responsibility for three young daughters, the punks milling around in
a mischief-inviting melee at the bus station had already stirred
latent feelings of anxiety in my motherly breast. Mohawk haircuts,
facial spider-web tattoos, black leather jack-boots and chunky
jewellery in a menacing tumble of chains and swastikas left me
feeling extremely apprehensive as I stepped off the airport bus at
Gloucester Green that September. Was this moving to England a crazy
idea, something I'd live to regret?
For months prior to
our departure from Canada, James and I had suffered from heavy
dollops of wanderlust, a subtle mind-infiltrating process that had
stalked us with a persistence that we found hard to resist. As with
thousands of others before us, its siren call proved irrisistible and
we succumbed. Just ten years earlier we had departed South Africa for
Canada – albeit for different reasons - and now after a decade in
Canada we were on the move again.
Africa, sunny and relatively warm year-round, with a landscape that
includes craggy mountains, deserted beaches that meander for
thousands of miles along a pristine coastline, abundant wildlife and
undulating wide-open veld, was for 35 years my home. Canada,
equally dramatic, equally beautiful, modern, well organized with four
distinct seasons and like its sister America, with possibilities
lucrative and pleasureable for all those who care to use their
imagination, was our home of choice. And now here we were in
Our plan; James and
our son Michael were to stay on in Canada until January when Michael
would rewrite his math exam. A pass was a requirement for his
eventual admission to Sandhurst, England’s military college. The
girls and I would head on over to England so that Melissa, Nicola,
and Gillian could start the school term afresh in September.
And so I returned
to the letter. “My daughter will be round
to welcome you. You’ll recognize her by her black and red striped
hair. She’s heavily into make-up and outlines her eyes with kohl.
Jewellery usually comprises a black leather choker studded with
metal. Her dress sense runs to long, and with her Goth leanings her
attire is black.”
Goths were a new
phenomenon to me. In 1984 they had yet to make an appearance in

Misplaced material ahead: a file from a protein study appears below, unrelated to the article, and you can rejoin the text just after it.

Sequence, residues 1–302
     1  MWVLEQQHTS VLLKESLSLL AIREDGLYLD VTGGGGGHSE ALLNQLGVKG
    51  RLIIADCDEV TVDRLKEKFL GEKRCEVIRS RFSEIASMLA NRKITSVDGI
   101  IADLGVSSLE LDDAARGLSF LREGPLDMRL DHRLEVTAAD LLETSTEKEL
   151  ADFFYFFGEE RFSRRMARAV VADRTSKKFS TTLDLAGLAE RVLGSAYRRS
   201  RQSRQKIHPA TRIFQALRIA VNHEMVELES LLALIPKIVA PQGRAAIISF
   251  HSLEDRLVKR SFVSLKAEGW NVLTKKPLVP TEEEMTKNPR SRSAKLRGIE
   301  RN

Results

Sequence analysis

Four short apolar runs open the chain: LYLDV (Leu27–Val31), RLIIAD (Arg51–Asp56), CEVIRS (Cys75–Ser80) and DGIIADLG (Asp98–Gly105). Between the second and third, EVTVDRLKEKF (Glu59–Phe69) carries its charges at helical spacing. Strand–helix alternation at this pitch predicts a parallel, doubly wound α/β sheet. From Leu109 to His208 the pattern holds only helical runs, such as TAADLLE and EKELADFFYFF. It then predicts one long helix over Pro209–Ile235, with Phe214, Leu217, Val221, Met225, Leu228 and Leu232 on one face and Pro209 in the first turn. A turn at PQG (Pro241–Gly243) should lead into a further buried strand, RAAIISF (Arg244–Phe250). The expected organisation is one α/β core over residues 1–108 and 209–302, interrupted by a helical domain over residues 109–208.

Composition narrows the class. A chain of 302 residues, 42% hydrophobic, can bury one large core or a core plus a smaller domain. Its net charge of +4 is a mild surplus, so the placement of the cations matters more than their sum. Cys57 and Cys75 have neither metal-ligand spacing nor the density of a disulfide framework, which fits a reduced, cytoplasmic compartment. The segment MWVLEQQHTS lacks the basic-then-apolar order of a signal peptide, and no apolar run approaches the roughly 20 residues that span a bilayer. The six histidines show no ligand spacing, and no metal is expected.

Canada. I continued reading, but after a few minutes sensed that
someone was watching me.
I turned. And yes,
it was the Goth, and she was even more intimidating than her mother
had described. Her face was chalk white, like that of a geisha out
for a night on the town. Her lips were a startling vampire red. Her
dress slipped seductively from a pale left shoulder. If I hadn’t
read about her just seconds before I would have suspected imminent
mugging by an exotic female thug….and screamed blue murder.
Instead, I put out my hand and said calmly, “You must be the
daughter. So nice to meet you.”
She smiled, but her
eyes I suspected had picked up on my discomfort. “Just thought I’d
pop in to tell you about the cat.” Oh yes, she’d intended to
scare me, but her mother had pipped her at the post.
Billeted for the
next two weeks in our red brick, dark eerie house we set about
exploring our new environs.
In the sitting room
occult books were scattered about. In our meanderings we discovered
stuffed birds, beloved of Victorian wives, perched on branches
brittle with age in dust-covered antique glass domes. In the low
light their eyes glinted as they stared sightlessly into space.
Soft- bodied puppets perched on chests and others dangled grotesquely
- like the recently hanged - from hooks in the ceiling. Glassy-eyed,
they seemed to watch our every move.
More to follow tomorrow...
Photo copyright Anne Gordon
Posted by Anne Gordon on Monday, 11th November, 2013.